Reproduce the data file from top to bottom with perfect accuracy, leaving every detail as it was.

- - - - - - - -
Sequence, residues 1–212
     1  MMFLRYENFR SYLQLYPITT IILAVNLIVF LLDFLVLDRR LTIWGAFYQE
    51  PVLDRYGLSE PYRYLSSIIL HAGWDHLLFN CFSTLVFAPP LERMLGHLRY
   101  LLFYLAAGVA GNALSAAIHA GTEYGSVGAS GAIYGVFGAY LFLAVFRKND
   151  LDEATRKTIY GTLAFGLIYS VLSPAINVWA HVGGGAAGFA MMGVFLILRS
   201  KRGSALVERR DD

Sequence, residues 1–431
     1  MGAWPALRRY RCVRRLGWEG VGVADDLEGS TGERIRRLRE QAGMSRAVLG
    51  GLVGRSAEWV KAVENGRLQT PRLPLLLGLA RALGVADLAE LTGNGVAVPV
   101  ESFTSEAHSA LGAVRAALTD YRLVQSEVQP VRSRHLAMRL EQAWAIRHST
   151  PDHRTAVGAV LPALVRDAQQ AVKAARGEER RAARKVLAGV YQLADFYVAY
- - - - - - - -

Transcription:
Sequence, residues 1–212
     1  MMFLRYENFR SYLQLYPITT IILAVNLIVF LLDFLVLDRR LTIWGAFYQE
    51  PVLDRYGLSE PYRYLSSIIL HAGWDHLLFN CFSTLVFAPP LERMLGHLRY
   101  LLFYLAAGVA GNALSAAIHA GTEYGSVGAS GAIYGVFGAY LFLAVFRKND
   151  LDEATRKTIY GTLAFGLIYS VLSPAINVWA HVGGGAAGFA MMGVFLILRS
   201  KRGSALVERR DD

Sequence, residues 1–431
     1  MGAWPALRRY RCVRRLGWEG VGVADDLEGS TGERIRRLRE QAGMSRAVLG
    51  GLVGRSAEWV KAVENGRLQT PRLPLLLGLA RALGVADLAE LTGNGVAVPV
   101  ESFTSEAHSA LGAVRAALTD YRLVQSEVQP VRSRHLAMRL EQAWAIRHST
   151  PDHRTAVGAV LPALVRDAQQ AVKAARGEER RAARKVLAGV YQLADFYVAY